It came out in springs that were guided by man-made paths through the rock into casements Bamberger and his team built near the bottom of the hill. From there, it fed into aqueducts and pipes and then into reservoir tanks and Madrone Lake. Yes, a tree-lined pristine lake complete with fish has formed on property once dry as a bone. “What’s coming out of here is the same water we drink,” Bamberger said. “We get thousands of gallons every 24 hours. While we’re sleeping, the water is still seeping.”
Not every piece of land in Texas has a perched aquifer. The Selah, Bamberger Ranch Preserve happens to have several that have so far created 11 springs, at least two of which continue to produce water even during a drought. The same principles used here, however, can be used to pull water from rocks on any property, Bamberger said. Again, it all goes back to grass. “It’s the greatest conservation tool ever created,” he said. Water from springs created by Bamberger’s conservation efforts are reserved in large tanks holding 47,000 gallons and in Madrone Lake. On what was once dry, parched land, 11 springs now produce thousands of gallons of water every 24 hours.
With the grass comes more water, and with grass and water come wildlife. A bird count on the property 50 years ago recorded 48 species on the ranch. The latest count is 219 species making their homes in the 6,000 trees Bamberger has planted over the years. Many of those trees now tower over the lake, grasses, and streams, adding color and essential habitat for foxes, rabbits, wild hogs, deer, and other wildlife.
Bamberger Ranch Preserve
The hogs and deer bring in hunters, who once shunned the place. The largest white-tailed deer harvested in the early 1970s weighed no more than 55 pounds. Last year, the smallest was 120 pounds and the largest 175. Hog hunters vie for weekend hunts through the late summer months, part of the population-control element essential to maintaining a balanced ecosystem at the ranch.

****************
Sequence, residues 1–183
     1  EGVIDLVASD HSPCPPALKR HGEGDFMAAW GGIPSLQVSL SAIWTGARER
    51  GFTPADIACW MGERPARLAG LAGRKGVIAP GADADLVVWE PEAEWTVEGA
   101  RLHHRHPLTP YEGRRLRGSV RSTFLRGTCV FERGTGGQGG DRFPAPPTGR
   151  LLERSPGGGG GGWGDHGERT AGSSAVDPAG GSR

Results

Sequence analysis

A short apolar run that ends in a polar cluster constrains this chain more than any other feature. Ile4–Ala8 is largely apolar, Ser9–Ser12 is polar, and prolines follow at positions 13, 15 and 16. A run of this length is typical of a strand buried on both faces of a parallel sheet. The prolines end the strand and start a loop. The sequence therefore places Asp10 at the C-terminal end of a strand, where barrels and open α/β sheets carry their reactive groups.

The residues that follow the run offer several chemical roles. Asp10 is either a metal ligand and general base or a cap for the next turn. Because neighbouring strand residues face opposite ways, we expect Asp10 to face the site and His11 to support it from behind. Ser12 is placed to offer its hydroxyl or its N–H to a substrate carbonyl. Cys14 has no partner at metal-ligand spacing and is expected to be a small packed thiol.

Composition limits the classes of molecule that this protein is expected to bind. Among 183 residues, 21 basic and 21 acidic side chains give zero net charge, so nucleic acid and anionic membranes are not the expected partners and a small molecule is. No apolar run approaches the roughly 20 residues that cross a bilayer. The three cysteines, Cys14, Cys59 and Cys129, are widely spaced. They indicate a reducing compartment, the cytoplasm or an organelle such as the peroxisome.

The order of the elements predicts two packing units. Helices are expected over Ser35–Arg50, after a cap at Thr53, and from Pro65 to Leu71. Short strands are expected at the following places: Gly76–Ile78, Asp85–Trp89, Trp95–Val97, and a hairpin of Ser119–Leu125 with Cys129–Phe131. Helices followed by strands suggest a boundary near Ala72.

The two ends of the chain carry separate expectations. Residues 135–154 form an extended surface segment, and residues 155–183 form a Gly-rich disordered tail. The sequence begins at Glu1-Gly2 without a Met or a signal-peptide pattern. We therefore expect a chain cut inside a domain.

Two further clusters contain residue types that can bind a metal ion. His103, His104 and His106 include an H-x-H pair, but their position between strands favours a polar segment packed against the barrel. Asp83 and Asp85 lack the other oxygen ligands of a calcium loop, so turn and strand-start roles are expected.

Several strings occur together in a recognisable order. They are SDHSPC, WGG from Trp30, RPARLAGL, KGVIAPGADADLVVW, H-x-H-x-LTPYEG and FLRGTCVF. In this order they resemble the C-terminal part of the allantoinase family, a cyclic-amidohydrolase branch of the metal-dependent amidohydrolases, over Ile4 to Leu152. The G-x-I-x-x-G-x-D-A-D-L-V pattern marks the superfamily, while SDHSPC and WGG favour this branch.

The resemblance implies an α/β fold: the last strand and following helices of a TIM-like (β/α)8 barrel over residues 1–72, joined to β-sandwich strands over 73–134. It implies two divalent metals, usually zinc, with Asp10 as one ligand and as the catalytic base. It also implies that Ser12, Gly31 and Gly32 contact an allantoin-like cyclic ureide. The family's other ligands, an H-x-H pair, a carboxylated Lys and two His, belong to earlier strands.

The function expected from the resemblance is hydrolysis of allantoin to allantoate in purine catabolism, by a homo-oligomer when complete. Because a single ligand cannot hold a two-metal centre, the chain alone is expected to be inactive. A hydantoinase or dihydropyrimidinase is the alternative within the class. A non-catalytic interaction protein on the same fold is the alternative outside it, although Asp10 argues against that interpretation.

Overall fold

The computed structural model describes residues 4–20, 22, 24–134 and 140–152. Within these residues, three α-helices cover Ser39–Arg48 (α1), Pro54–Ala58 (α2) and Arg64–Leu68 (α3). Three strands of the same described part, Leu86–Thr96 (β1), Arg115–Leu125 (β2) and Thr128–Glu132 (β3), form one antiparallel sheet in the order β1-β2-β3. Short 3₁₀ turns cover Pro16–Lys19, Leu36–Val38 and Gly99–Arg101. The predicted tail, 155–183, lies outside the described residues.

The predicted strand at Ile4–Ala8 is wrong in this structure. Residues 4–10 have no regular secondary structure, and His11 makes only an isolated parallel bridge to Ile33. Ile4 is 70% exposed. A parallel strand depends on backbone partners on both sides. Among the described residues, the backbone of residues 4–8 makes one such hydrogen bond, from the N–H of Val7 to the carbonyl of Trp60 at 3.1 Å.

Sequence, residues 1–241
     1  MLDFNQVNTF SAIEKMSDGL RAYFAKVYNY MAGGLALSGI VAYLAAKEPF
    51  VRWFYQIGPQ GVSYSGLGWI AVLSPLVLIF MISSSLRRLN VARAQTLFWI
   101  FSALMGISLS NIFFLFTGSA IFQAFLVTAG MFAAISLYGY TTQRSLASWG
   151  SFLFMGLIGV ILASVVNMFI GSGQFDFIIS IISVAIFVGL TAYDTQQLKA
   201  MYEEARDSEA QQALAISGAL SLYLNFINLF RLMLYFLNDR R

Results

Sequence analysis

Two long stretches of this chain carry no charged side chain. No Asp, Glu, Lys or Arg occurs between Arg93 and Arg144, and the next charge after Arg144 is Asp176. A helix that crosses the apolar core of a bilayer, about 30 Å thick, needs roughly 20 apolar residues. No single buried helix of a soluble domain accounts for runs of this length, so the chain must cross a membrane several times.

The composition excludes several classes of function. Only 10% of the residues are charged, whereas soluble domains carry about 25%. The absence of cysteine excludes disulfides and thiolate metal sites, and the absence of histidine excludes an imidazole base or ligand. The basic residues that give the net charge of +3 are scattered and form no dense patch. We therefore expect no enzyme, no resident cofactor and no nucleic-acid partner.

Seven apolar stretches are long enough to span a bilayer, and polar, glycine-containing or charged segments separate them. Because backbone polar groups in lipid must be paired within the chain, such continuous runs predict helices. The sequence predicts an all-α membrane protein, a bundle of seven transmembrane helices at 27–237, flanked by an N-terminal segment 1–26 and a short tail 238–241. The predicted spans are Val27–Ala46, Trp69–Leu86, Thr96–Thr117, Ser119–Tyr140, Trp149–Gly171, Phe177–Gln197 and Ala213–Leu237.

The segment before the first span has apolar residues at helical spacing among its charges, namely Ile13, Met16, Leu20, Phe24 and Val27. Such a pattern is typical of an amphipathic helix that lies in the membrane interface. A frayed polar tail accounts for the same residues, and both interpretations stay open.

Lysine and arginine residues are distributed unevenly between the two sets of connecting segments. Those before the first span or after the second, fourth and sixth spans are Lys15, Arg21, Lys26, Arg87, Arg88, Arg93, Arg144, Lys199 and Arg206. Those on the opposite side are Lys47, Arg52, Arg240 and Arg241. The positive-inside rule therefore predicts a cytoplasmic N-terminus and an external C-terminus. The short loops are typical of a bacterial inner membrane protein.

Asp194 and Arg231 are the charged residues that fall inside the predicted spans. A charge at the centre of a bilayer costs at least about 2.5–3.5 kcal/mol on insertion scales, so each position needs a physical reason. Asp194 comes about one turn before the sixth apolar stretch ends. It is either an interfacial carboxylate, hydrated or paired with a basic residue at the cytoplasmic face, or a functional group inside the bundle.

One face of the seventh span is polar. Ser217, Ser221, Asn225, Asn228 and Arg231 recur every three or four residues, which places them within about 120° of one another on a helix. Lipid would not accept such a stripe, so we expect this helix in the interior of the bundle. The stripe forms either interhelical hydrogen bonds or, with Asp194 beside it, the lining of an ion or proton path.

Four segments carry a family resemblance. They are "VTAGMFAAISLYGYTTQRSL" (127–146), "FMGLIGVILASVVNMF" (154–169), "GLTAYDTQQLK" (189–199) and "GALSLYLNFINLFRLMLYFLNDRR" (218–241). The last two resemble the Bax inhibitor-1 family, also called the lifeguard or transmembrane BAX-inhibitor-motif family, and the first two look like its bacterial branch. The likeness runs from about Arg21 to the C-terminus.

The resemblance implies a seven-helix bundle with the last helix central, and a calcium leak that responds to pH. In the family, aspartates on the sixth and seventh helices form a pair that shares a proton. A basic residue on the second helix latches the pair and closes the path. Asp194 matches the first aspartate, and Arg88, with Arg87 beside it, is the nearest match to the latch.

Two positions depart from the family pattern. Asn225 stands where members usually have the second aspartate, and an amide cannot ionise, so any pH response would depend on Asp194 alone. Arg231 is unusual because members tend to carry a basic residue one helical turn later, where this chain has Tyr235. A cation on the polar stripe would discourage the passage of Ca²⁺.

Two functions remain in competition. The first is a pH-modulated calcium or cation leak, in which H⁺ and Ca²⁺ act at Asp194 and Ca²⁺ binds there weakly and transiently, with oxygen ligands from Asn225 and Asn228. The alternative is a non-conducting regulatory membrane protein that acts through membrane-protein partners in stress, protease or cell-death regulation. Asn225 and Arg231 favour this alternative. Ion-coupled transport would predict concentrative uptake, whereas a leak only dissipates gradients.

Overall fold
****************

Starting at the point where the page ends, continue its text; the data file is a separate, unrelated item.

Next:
While this is an epic and miraculous tale with a beginning and a middle, it is a tale with no end, which is all part of Bamberger’s grand plan. He has been donating the land piece by piece over the years to a foundation that will continue after he is long gone. “I wanted to do something with this piece of land that makes a legitimate contribution to society as a whole,” Bamberger said. “The land will never be different. It will exist into perpetuity. That’s what I want to be my legacy.”
Seventeen years ago, Bamberger established the Bamberger Ranch Preserve to protect Selah long after his death, and he retired last July as chairman of the preserve’s board of directors. Once derided as a crackpot, he is now hailed as a visionary. “Given the chance, nature can heal itself,” Bamberger says. “Nature can heal us.”
Selah, Bamberger Ranch Preserve is located at 2341 Blue Ridge Drive in Johnson City. To find out about volunteer opportunities or make reservations for a tour or workshop, visit bambergerranch.org or call (830) 868-2630. You can become part of the never-ending story of how to squeeze water out of the rocks of Central Texas.